Grace and peace to you, from God our Father and our Lord and Savior Jesus Christ. Amen.
October 31, 1517… a monk named Martin Luther nailed 95 ideas (called theses) to the door of Castle Church in Wittenberg. He was a professor of Bible Studies at Wittenberg University who wrestled with what the Bible had to say about grace, God’s unconditional love, and forgiveness. Luther learned that heaven isn’t a reward for doing good things on earth or being a good person. God is not sitting in heaven with a score card with your name on it, sins on one side and good works on the other. We can’t earn our place with God after we die. Instead, grace – God’s love and forgiveness – is a gift that God gives because God loves us.
Jesus showed us that kind of love all the way to the cross. God loves you! God loves me! And BECAUSE God loves you and me, our good works DO matter. They just don’t save us. Because God loves us, we love God in return. And because we love God, we love one another. That is what Jesus would have us do.
This way of thinking was a real shift in Martin Luther’s time. He nailed his ideas on the door because there was no internet, and Luther wanted to begin a conversation. He was on a mission to share his understanding with the leaders of the Roman Catholic Church, the ONLY Christian tradition at the time. The Church leaders in Martin Luther’s time had no interest in conversation. They had their own ideas and traditions, and understandings of God, and changing them was not an option! What resulted is what has become known as the Reformation. Luther’s followers became known as Lutherans, and were the beginning of a great upheaval.
That’s what happens when God mixes with humanity. The Spirit brings change. Change, transformation, is always uncomfortable. Change, even good change, involves loss and grieving. Yet, it is in the challenges that we grow and mature, emotionally, and spiritually, not just personally but as a congregation. And today, we hear from Jesus, as Martin Luther heard so long ago, that we are NOT alone in this venture. Jesus says, “If you continue in my Word, you are my disciples, my followers. You will know the truth and the truth will make you free.”
God is guiding us through the words in Scripture, and the soft and sometimes not so soft voice of the Holy Spirit, deep in our hearts as we pray. We know the truth. It begins with God’s love. God’s love for all people. Jesus shows us what that love looks like in his life, death and Resurrection. It’s that love that compelled Martin Luther to find life-giving words in the Scripture. It’s that love that continues today, to urge us to ever deeper relationship with the One who loves us.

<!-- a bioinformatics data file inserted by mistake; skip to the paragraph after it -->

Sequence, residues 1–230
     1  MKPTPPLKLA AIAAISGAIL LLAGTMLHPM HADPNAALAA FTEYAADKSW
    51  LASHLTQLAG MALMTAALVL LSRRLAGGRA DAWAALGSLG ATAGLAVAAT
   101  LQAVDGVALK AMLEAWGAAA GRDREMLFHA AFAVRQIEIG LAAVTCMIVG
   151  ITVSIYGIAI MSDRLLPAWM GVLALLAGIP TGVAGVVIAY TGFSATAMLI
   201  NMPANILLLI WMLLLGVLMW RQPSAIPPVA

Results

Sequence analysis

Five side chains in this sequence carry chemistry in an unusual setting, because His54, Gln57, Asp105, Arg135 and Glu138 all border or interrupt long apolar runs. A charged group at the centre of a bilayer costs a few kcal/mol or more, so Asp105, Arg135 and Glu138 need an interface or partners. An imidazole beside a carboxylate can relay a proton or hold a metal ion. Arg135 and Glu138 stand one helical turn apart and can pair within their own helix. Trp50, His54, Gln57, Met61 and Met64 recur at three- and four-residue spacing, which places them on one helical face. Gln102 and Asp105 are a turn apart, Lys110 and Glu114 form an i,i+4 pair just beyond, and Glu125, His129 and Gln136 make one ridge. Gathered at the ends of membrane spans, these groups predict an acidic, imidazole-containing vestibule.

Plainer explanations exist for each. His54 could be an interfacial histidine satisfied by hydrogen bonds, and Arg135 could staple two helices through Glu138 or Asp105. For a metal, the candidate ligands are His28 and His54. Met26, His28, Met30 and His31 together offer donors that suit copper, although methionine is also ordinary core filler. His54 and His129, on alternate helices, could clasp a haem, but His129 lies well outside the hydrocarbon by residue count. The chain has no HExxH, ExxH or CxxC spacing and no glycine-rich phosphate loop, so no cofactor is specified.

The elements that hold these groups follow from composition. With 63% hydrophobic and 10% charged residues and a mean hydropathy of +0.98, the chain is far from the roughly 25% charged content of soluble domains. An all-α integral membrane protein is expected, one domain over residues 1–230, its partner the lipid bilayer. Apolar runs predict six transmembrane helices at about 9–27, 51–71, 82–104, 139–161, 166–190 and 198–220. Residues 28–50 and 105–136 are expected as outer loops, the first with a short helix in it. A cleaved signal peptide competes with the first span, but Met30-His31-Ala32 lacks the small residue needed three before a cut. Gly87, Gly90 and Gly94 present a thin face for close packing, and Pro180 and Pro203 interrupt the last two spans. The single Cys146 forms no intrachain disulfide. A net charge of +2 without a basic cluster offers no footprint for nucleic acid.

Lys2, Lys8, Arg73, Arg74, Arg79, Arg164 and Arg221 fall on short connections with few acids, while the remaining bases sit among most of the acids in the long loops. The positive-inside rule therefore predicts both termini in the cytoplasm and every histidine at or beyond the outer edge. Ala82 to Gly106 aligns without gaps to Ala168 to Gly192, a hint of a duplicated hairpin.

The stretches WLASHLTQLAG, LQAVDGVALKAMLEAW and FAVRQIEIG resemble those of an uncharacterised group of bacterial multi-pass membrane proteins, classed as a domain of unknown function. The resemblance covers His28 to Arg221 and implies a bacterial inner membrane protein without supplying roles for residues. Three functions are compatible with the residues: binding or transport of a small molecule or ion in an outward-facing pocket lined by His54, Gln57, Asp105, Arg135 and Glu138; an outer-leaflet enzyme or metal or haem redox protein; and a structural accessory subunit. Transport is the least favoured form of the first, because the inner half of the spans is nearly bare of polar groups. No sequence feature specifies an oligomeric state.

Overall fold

We have two readings this morning. One from 1 Kings about the completion of the temple in Jerusalem by King Solomon, and the other from the Gospel of John, Chapter 8. In Kings, we hear about Solomon providing a dwelling place for God in Jerusalem. The temple was grand and beautiful, filled with the finest gold and silver, made with the finest wood. Yet even Solomon said in a later speech about this temple, “But will God indeed dwell on the earth? Even heaven and the highest heaven cannot contain you, much less this house that I have built!” And in John’s Gospel, Jesus says that God cannot be contained in any place, because God is in our hearts when we remain in the Word. And the Word is Jesus.
The Jewish leaders have been listening to Jesus and they are beginning to believe in him, but they are stuck in the past. They claim Abraham as their father, but they cannot see beyond the limitation they are putting on God. When God promised Abraham that his descendants would be more numerous than the stars in the sky, and that all nations would be blessed because of him, that included all people as God's children. Jesus is trying to make them understand that God is the God of Abraham, but also the God of all people. We remember Abraham who was able to trust in God and move beyond his own understanding and follow God.
We all can get stuck in the place where we believe that God doesn’t do new things. But we have to remember that God is active, and leading us to places we have never been. Just as Martin Luther saw that the church needed to be Reformed in how it understood how God's love worked, we too need to accept that God is doing a new thing in our time as well. I am not saying I know what that new thing will be, but we need not be blinded by fear so much that we aren’t able to recognize God with us, ever reforming our hearts, and showing us a new way to love God and our neighbors. Amen.